John Cooper, CEO of BAR Technologies, is a former commercial and finance director of McLaren Racing, where he worked for 14 years on its Formula 1 racing programme. He joined BAR Technologies in October 2019.


Martin Whitmarsh, chairman of BAR Technologies, is a former Team Principal at McLaren.


30 per cent CO2 reduction

On tankers, a 30 per cent reduction in carbon emissions from a tanker voyage on Cargill’s normal routes is a realistic expectation, the company says. This is based on simulation of real tanker voyages in standard weather conditions with no cherry picking, and covering both the laden and ballasted legs of the voyage. This average also takes into account the negative effects of head winds, and where the WindWings are de-powered in wind conditions that are too strong to fully control leeway.


“The 30 per cent is based on solid statistical analysis,” says John Cooper, CEO, BAR Technologies. “We’ll simulate 450 or 500 years’ worth of virtual ship voyages with differing start times and average those results.”


“Even though a key motivator for owners and charterers is reducing CO2 emissions, set to be mandated in future via the IMO rules, WindWings still presents a compelling business case.”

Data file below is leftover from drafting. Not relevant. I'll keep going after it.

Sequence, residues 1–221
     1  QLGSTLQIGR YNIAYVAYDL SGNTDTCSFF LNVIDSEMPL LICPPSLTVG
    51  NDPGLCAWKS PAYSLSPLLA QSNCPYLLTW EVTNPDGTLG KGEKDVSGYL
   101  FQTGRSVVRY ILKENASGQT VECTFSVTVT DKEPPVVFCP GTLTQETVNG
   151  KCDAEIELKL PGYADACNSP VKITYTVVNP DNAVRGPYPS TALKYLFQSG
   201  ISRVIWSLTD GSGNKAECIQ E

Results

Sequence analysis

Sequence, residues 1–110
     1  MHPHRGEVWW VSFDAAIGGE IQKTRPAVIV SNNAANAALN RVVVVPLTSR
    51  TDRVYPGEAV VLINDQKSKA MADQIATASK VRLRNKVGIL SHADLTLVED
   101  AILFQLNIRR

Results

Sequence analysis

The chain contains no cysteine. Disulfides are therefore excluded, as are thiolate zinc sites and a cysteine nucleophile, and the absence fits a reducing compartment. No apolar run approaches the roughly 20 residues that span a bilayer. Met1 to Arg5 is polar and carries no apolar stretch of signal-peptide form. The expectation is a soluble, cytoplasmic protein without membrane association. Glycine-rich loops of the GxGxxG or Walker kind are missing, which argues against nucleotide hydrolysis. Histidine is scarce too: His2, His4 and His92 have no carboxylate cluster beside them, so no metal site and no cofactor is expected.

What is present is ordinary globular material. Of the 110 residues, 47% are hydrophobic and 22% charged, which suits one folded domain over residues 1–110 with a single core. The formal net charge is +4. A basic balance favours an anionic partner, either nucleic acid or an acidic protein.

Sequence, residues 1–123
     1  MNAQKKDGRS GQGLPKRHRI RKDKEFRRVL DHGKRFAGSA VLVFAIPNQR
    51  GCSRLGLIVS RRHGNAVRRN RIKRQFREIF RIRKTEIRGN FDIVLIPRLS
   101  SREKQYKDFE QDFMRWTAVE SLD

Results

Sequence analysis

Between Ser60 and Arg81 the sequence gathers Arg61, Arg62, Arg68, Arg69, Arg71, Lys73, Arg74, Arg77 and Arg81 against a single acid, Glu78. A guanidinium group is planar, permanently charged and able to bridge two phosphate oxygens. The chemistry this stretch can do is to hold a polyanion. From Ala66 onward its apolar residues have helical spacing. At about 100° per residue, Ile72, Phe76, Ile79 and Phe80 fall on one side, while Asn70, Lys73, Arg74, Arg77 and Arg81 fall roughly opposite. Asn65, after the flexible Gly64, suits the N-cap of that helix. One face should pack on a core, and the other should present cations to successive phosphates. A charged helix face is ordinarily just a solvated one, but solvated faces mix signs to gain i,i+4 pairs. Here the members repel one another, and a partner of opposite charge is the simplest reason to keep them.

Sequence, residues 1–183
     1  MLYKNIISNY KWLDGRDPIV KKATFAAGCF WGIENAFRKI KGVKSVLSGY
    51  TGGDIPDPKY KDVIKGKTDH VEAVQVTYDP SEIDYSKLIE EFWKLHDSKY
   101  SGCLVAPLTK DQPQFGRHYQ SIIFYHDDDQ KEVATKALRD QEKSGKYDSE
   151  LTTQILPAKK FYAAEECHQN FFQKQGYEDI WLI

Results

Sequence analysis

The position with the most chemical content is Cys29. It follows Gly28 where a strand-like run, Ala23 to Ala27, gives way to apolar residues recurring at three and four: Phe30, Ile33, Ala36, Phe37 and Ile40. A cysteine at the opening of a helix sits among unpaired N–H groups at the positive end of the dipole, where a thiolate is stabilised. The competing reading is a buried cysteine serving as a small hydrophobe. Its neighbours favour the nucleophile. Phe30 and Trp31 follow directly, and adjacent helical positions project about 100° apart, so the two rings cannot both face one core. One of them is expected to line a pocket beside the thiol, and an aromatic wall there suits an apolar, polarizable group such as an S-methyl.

Although he wouldn’t be drawn on the exact payback time while WindWings are still in the final stages of the cost tender exercise,  Mr Cooper says that the payback time of investing in the technology for tanker operators will surprise owners even when compared to relatively low heavy fuel prices, and a carbon price”.


“The payback period is very low, and looking to the future, will become lower when the industry switches to the more expensive zero carbon fuels, which could be $1000 a tonne”, he says.


“There are occasions with these wings, where you can theoretically turn the engine off at sea and do 13-14 knots under wind power, but of course in reality the engines will either charge or run hotel loads instead of using auxiliary gensets,” says Simon Schofield, CTO of BAR Technologies.



The sail proposed for tankers, which the company calls a “WindWing”, is rectangular.


The first configuration being tested involves wings 40m high, with three separate elements, a large one 10m across, and two which are 5m across, all rectangular. These three elements together act as one sail. Then there are three such sails on the ship, making for nine elements in total.


One of the biggest challenges of the project is ensuring navigator’s sight lines, which the tall sails obstruct. The modern solution is to use cameras and radar. The project team is also building extending the vessel’s bridge to the port and starboard, so it is possible to have a forward view which is not obstructed by sails.


The sails are designed so they are strong enough to withstand any weather conditions while upright. The sails can “feather” – spin around vertically 360 degrees. In a storm, they will align with the wind flow, and at this angle they produce very little drag.